Whipps was honored as an AGR Brother of the Century when the national organization celebrated its 100th anniversary in 2004. According to Alpha Gamma Rho’s website, the purpose of the Brothers of the Century award was to recognize members known for exhibiting the highest principles, values and ideals of brotherhood of AGR, and members who are recognized within their career field and communities as role models for young men.
Whipps credits the livestock judgng team as a main factor in his decision to enroll at WIU.
“Working at the Swine Evaluation Station and the Swine Farm, under the guidance of Bruce Engnell, greatly shaped my future,” Whipps said, noting that he met many top swine breeders. He said he learned a great deal from professor Bill Henning, who served as the livestock judging coach during Whipps’ time at WIU.
The livestock judging team’s success during the 1976-77 school year is another favorite memory for Whipps.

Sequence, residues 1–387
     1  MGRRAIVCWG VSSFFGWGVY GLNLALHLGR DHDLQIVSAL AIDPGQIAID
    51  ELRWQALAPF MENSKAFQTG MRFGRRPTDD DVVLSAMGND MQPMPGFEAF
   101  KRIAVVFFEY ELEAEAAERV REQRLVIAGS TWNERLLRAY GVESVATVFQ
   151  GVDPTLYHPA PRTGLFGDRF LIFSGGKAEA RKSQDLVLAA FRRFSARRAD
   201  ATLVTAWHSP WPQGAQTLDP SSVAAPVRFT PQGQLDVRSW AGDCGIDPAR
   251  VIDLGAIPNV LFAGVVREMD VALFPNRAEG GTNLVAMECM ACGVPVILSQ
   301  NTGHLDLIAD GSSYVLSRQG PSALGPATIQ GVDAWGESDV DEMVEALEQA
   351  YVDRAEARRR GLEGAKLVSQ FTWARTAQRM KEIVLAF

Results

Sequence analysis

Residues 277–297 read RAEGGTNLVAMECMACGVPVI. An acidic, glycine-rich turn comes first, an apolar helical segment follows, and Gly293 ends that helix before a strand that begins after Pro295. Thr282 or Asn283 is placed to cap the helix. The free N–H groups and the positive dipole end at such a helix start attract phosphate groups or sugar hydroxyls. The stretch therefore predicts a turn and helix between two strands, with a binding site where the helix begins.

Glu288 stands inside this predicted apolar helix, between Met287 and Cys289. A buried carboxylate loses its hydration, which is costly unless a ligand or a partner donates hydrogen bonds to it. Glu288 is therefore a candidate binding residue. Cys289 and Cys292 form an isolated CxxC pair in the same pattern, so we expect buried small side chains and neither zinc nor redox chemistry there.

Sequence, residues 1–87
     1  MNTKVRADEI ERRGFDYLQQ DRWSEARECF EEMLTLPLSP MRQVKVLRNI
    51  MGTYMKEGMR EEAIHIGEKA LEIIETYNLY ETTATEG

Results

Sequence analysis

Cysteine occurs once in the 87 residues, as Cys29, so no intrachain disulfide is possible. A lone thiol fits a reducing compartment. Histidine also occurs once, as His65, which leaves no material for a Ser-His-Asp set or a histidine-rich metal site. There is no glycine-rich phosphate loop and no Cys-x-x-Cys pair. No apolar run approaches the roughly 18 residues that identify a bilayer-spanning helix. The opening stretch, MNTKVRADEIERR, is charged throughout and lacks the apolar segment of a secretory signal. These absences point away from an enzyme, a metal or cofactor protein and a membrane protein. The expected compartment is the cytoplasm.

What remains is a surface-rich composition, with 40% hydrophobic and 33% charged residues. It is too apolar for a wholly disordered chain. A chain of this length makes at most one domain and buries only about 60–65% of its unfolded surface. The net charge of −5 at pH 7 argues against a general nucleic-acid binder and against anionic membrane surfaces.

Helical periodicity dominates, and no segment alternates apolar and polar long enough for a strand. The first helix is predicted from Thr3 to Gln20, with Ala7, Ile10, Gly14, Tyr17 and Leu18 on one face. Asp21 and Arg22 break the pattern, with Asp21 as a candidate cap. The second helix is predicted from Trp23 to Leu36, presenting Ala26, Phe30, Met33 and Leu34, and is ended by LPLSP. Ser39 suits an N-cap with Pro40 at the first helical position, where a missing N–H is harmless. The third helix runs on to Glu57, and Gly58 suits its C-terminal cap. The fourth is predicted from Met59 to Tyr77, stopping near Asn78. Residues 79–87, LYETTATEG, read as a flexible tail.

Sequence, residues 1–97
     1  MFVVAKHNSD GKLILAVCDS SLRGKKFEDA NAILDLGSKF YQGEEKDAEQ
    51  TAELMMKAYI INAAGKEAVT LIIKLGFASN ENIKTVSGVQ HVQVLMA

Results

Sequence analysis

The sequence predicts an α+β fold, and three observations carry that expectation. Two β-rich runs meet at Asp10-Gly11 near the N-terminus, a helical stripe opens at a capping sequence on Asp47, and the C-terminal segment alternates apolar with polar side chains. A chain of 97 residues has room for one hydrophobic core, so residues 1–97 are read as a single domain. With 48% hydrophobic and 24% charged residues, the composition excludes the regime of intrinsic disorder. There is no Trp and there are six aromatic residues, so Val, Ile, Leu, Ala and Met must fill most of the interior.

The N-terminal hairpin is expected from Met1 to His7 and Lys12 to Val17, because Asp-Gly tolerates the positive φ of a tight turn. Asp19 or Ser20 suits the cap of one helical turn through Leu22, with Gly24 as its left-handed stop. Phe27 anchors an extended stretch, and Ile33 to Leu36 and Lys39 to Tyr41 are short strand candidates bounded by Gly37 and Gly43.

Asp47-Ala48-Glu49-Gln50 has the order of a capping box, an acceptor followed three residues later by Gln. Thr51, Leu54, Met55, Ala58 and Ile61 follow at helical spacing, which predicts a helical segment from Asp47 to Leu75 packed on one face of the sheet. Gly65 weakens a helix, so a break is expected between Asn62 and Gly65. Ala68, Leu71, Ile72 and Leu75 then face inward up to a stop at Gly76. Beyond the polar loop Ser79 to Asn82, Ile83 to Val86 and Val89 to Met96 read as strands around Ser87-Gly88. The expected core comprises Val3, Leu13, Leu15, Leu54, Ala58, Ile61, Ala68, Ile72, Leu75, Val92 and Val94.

“Our team was very proud to end our career on a high note. We won swine at the National Intercollegiate Livestock Judging Contest,” he shared.
Whipps experienced personal success during that year, noting he finished as high individual in swine and third high individual overall.
In recognition of his time as an agriculture student, Whipps established the Wayne Whipps Agriculture Scholarship with one of his major gifts in December. The scholarship will be awarded annually to an incoming freshman agriculture student from Unity High School, or an incoming transfer agriculture student from John Wood Community College. With Whipps’ gift last month, the scholarship is fully endowed and will be awarded for the first time for the 2023-24 school year.